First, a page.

Three University of Chicago chemistry professors hope that their separate research trajectories will converge to create a new way of assembling what they call "designer atoms" into materials with a broad array of potentially useful properties and functions.
Quantum computing, where bits of information, or 'qubits', are represented by the state of single atomic particles or photons of light, won't be of much use unless we can read the results. Cornell researchers have taken a step in that direction with a device that can measure the presence of just a few photons without disturbing them.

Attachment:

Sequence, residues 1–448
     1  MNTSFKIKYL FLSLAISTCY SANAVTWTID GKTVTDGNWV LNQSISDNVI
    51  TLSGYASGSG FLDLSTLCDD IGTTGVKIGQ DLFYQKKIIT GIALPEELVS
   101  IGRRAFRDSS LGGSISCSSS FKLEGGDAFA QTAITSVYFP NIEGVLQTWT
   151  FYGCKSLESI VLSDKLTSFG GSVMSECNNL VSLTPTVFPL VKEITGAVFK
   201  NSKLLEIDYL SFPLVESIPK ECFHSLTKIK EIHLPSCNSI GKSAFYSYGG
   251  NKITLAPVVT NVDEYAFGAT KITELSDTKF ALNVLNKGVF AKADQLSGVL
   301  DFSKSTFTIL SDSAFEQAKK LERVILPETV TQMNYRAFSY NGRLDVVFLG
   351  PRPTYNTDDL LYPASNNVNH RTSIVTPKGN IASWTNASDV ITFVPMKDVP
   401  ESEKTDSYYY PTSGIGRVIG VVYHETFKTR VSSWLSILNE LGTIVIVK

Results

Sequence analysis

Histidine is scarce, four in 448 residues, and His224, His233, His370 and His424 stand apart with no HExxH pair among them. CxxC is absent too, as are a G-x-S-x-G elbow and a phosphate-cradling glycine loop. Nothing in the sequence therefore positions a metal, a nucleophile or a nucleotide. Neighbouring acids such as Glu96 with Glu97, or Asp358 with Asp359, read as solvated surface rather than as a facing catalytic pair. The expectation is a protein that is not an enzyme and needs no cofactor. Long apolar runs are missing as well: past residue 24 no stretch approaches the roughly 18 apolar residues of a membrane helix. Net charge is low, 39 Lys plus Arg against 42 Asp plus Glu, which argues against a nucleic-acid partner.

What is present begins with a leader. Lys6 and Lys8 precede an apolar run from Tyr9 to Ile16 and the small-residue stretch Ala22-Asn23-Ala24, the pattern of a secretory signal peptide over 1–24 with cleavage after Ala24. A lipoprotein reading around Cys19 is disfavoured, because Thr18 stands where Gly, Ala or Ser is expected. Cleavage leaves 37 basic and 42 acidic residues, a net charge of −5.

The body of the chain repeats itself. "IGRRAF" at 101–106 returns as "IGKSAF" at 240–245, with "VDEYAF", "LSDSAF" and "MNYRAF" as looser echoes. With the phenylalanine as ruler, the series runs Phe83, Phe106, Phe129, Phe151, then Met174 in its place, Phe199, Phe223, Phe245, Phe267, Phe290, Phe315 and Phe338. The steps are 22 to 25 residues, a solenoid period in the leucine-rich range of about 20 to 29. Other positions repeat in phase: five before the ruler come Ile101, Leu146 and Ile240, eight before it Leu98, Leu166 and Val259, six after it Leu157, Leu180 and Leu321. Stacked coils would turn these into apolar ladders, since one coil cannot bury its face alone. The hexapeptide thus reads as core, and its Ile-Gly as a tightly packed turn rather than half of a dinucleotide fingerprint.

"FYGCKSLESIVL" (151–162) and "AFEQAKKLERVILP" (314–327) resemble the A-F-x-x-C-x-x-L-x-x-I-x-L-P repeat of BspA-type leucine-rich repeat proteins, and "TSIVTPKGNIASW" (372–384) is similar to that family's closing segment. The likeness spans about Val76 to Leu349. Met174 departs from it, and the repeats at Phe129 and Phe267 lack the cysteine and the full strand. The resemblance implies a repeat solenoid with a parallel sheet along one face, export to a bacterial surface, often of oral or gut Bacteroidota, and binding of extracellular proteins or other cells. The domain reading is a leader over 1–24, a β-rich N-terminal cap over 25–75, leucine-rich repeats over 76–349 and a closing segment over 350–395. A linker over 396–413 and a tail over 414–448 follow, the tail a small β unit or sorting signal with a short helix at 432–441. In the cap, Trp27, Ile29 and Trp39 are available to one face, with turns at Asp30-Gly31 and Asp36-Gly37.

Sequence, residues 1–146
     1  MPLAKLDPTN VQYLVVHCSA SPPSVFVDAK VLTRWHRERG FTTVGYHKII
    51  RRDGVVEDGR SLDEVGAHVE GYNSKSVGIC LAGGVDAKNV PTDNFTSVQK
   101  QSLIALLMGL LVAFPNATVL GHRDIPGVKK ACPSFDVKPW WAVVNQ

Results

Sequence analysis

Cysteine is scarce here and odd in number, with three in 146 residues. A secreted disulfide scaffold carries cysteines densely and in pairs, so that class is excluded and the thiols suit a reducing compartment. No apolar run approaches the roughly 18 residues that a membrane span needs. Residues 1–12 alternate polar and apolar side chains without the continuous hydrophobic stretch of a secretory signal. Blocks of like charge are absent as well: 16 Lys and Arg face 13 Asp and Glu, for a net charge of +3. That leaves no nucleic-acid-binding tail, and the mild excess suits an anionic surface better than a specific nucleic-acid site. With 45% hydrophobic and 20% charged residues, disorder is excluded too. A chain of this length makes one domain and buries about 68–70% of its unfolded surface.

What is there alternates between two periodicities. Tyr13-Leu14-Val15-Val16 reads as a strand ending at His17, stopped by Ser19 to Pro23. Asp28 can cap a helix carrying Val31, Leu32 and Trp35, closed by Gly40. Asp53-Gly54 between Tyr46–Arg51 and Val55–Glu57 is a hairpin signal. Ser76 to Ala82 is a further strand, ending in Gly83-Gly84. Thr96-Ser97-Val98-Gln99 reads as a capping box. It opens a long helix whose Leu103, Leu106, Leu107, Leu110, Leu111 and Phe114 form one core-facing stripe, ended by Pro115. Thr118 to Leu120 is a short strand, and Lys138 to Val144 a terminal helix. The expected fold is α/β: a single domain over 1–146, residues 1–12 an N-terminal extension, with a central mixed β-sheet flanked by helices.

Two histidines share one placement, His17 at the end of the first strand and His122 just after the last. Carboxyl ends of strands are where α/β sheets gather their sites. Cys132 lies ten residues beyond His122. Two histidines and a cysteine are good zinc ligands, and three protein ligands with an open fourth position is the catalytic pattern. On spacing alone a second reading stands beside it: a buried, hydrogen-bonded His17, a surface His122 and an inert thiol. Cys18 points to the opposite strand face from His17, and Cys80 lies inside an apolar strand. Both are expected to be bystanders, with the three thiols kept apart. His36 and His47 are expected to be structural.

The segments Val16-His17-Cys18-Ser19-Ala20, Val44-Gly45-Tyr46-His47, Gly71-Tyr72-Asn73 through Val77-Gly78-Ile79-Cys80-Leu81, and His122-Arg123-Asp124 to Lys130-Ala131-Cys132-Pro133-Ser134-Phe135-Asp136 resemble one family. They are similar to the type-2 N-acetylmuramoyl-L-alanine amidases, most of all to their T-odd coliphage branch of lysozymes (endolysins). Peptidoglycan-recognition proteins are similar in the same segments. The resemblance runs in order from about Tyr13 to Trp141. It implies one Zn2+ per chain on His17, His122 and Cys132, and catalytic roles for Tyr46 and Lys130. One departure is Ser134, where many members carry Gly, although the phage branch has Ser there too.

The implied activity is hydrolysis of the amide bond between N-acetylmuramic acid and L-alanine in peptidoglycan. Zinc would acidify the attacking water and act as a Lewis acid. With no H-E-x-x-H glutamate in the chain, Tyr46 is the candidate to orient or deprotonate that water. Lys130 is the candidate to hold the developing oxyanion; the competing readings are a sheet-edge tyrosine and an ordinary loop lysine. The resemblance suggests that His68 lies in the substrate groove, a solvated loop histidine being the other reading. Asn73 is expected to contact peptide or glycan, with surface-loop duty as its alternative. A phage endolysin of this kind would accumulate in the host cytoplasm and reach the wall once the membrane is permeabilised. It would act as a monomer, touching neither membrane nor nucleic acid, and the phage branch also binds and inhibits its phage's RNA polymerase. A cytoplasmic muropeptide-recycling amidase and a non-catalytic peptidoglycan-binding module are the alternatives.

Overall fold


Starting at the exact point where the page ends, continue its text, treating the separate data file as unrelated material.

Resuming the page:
A microscale technique known as optical trapping uses beams of light as tweezers to hold and manipulate tiny particles. Stanford researchers have found a new way to trap particles smaller than 10 nanometers - and potentially down to just a few atoms in size - which until now have escaped light's grasp.
To date, nanoparticle-based drug delivery approaches have been poorly developed for the treatment of childhood leukemia, which comprises 30% of childhood cancers. In the Nemours study, encapsulated dexamethasone ("dex") delivered to pre-clinical models with leukemia significantly improved quality of life and survival compared to the control receiving the unencapsulated drug.
A Monash University study led by Professor Dan Li has established, for the first time, an effective way of forming graphene, which normally exists in very thin layers, into useful three-dimensional forms by mirroring the structure of cork.